The following is a bit I did for school...frankly its supposed to be about me and stuff but its just ramblings about cons...so I will probably have to do it over again later...anyway, I think its insightful so here you go!
First off, let’s be brief with the history, as I have explained it many times. I have wanted to go to this convention for ages. I had to wait an extra year to go because my dad scheduled a trip over the 07’ convention and I was out of town (“whoot” for colonial Virginia). A year passed and the time finally came. I was sick. I was stressed out. And those three days were probably some of the best I have ever had. Okay more explaining….The con was scheduled for the last weekend of March. This was really bad timing as it was in between two school breaks (mid winter and spring) so the teachers were merciless with the work load. I had been busting my butt to keep up with the work, when what I wanted, was to get ahead so I could enjoy the convention without homework. Yea right.
Well, it sure was stressful, and I will tell you that my immune system is broken by one thing, and one thing alone. Stress. But the cold died down enough for me to enjoy it, and luckily for me, my already bad sinuses plus the dying cold meant I didn’t have to worry about the dreaded “con-funk” (13,000 people in one building plus body odor).
So great, I got to my convention and had a blast, but still, a lot of people don’t seem to understand what you do at these conventions. Well, frankly if you don’t like anime you will probably be a little lost if not completely bored. If I was to go back to the Emerald City Comic Con I would probably be bored as heck because I don’t really like Western Comics (except the Tomb Raider stuff). I went once, at least five years ago, but that was just for merchandise and to get Jhonen Vasquez’s autograph (Jhonen Vasquez is the creator of Invader Zim, a cartoon that aired on Nickelodeon for a short period of time but was canceled due to its dark nature) which were probably the only things I could have done anyway.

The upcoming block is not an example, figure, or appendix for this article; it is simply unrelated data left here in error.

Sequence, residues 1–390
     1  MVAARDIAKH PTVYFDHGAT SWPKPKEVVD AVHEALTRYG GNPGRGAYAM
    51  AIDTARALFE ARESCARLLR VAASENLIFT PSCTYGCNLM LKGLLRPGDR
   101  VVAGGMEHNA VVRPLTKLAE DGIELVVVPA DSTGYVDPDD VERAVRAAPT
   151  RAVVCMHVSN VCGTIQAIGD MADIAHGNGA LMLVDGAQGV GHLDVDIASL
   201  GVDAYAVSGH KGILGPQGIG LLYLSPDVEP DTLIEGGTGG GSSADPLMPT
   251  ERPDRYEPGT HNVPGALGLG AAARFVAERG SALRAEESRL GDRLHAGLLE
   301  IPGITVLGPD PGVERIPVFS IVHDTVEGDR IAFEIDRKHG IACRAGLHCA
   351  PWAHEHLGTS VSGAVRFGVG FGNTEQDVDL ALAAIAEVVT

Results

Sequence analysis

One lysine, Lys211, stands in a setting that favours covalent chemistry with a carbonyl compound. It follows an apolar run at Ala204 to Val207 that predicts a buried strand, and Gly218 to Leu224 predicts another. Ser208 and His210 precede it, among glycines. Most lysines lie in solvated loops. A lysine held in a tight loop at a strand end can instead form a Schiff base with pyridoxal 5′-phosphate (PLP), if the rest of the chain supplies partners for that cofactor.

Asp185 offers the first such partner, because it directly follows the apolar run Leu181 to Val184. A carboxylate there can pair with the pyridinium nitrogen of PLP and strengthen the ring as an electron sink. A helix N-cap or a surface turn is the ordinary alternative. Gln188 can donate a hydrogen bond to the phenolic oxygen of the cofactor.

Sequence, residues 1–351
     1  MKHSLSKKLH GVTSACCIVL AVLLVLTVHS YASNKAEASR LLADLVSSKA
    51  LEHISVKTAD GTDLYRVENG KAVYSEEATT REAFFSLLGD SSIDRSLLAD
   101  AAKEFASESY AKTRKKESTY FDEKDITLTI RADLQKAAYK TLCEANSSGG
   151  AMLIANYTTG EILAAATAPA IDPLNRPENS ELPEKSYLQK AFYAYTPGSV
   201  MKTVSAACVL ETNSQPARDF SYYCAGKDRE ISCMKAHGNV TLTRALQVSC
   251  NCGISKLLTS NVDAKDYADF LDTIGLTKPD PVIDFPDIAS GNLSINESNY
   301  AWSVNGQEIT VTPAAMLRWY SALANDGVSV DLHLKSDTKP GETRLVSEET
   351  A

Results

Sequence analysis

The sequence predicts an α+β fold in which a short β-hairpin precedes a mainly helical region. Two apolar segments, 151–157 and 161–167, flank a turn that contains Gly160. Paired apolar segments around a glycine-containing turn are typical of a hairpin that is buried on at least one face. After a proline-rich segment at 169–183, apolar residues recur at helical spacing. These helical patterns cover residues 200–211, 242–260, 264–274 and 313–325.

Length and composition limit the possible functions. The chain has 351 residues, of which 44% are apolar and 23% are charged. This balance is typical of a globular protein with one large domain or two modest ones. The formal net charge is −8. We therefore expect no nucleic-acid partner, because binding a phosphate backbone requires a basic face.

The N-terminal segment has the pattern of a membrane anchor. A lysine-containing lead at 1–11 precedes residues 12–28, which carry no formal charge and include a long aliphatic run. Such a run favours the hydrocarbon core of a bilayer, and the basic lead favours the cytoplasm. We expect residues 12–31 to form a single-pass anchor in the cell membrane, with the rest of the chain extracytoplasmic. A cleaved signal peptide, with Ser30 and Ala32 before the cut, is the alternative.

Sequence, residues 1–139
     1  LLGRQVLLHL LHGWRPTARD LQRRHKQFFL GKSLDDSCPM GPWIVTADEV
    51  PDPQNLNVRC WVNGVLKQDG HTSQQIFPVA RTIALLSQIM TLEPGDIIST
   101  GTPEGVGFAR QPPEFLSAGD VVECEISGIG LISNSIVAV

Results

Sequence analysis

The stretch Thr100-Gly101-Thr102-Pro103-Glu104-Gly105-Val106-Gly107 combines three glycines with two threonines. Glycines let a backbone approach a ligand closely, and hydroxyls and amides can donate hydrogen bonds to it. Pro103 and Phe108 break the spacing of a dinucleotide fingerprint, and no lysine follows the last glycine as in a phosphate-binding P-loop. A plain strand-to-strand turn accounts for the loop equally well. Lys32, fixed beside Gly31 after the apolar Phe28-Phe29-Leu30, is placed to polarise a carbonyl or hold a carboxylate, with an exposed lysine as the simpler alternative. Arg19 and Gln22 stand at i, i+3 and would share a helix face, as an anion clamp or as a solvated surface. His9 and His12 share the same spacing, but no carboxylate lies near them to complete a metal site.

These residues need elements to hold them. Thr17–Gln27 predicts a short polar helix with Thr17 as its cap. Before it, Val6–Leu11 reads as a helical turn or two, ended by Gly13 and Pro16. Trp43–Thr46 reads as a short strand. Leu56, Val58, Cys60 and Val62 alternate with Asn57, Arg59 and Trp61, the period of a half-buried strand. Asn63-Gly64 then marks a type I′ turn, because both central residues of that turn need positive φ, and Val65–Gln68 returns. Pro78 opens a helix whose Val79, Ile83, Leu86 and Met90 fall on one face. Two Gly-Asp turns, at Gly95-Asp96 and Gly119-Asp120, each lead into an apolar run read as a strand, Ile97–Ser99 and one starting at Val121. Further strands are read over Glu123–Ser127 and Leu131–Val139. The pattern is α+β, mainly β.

You have to like anime, yes, but it’s not essential because there is so much there for you to do. Panels with manga artists and voice actors (both English and Japanese), workshops on how to draw for example, concerts, dances (the only place in Seattle you can rave it up without fear of drugs), photo shoots (where you learn to expect the unexpected), merchandise, cosplay contest (cosplay being short for costume play, and the cosplay contest usually designating funny skits and “walk-ons”), anime music video (AMV) contests, karaoke, and on, and on. But it’s surprising how many people skip the big events and still find things to do. Just walking around, making new friends, taking pictures, watching random dancing, playing spin the bottle outside (glomp style, A.K.A hugging) all can make your con experience more memorable.
The atmosphere of each con is also a deciding factor on what you do. Each one is a little bit different in terms of what to expect. Cons like Kumoricon (down in Oregon) are much smaller then Sakuracon so there is more down time to do the relaxing stuff. Some Cons like Anime Expo, the biggest con in The U.S, are high speed, and you may find your self rushing around to the next event.
Now here’s something everyone needs to know about the taboos of anime conventions. Always shower everyday and wear deodorant. Bring food as there may or may not be available (or just reasonably priced) food. AND NEVER, EVER, watch anime, at an anime convention. My friend Jen confessed to have had a crummy time because all she did was watch anime in the theaters they had. I suppose it wouldn’t hurt to watch something to sample it or soak up some extra time, but defiantly do it sparingly. Believe it or not a convention is about the people. It’s about interacting with people who share a common interest and appreciate the culture and art forms presented at the con. In other words what you do is have fun.